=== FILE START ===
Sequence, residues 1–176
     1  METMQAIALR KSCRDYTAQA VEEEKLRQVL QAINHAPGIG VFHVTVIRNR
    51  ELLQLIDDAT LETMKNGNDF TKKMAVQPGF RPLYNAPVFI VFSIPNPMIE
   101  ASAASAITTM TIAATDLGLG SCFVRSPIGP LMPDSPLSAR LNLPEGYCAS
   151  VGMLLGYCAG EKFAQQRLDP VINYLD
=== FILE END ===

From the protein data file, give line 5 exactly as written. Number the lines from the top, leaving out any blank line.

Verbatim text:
   151  VGMLLGYCAG EKFAQQRLDP VINYLD